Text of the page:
How librarians make space for LGBTQ+ students
Libraries, with their place at the heart of the exchange of ideas in schools and communities, can play a key role in bolstering LGBTQ support in schools.
The Connecticut chapter of GLSEN, a student advocacy organization, has launched the Rainbow Library Community Reads Project for the upcoming school year to provide LGBTQ+-themed books and other educational resources to school and community libraries across the state.
“We know that even in blue states, things are still really hard for LGBTQ+ students at school,” says Michael Rady, the teacher who founded the Rainbow Library project.
“Having books that affirm their identities will get them more engaged because they’ll see themselves in literature and history,” he says.
A survey done by the chapter in 2017 found that 87% of LGBTQ+ students have heard offensive remarks at school, and about one-fifth have been harassed. And only half say their school has an LGBTQ+-inclusive curriculum.
To remedy that, the Rainbow Library comes with fiction and nonfiction books geared toward readers at all grade levels and placing an emphasis on people of color.
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The organization has partnered with about 120 school and community libraries in Connecticut, reaching more than 10,000 children. It also plans to hold a Rainbow Library summit for students, teachers and librarians this fall, Rady says.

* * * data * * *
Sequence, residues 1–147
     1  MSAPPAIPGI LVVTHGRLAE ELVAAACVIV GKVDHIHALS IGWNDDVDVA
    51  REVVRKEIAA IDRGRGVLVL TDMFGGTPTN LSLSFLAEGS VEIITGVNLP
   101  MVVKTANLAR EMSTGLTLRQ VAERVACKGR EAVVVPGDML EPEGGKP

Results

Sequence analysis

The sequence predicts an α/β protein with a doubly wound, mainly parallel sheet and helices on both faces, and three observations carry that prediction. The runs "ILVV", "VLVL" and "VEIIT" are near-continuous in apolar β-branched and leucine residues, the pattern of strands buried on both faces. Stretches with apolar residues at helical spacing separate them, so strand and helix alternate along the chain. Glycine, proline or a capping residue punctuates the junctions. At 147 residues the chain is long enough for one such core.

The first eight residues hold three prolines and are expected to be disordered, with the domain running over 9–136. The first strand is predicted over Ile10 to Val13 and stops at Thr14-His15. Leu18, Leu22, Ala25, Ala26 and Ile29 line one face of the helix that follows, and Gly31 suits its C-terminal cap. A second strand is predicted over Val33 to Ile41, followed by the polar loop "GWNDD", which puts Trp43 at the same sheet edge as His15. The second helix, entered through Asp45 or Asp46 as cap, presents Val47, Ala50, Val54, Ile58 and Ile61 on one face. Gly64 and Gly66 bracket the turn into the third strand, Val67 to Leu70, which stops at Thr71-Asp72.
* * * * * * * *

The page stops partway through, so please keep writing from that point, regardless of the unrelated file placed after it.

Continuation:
“Books are a foundational tool for building reflection, empathy and curiosity,” Rady says. “When reading LGBTQ texts, teachers can have classroom conversations that promote deeper understanding and affirm kids’ self-worth.”
‘An easy win’
The American Association of School Librarians’ Defending Intellectual Freedom project provides resources on LGBTQ+ inclusiveness.
“As librarians, we’re the people who see every student in the school, so we’re in a pretty unique and important position as far as being advocates for kids,” says Kathryn Roots Lewis, the association’s president and the director of libraries and instructional technology at Norman Public Schools in Oklahoma. “Students, from pre-K through 12, have to see themselves and their peers in the books we have.”
School libraries should establish themselves as safe spaces for diversity, says Shannon M. Oltmann, an associate professor and diversity officer in the School of Information Science at the University of Kentucky.
For instance, if a school librarian sets up a Valentine’s Day display, they should include books with gay romances. “It says this is part of life and these romances are just as valid,” Oltmann says.
A librarian may be hesitant to add LGBTQ books to the collection. “Sometimes, the fear of pushback is greater than the actual pushback,” Oltmann says. “Pushback in itself is not necessarily a bad thing. It means you have engaged community members who are paying attention to what kids are doing.”
Oltmann says educators should be open about listening to thoughtful concerns, rather than immediately pulling a challenged library book. She points out that LGBTQ+ students continue to experience higher rates of drug abuse, depression and homelessness.
“Simply by providing some resources and making these students feel welcome and at home, we can put down those rates,” she says. “That seems like an easy win.”
Librarians also need to also raise awareness of LGBTQ+ issues among all students. “The school library is a really safe place to learn about other perspectives,” adds Lewis. “Librarians should work hard to help learners look at multiple viewpoints.”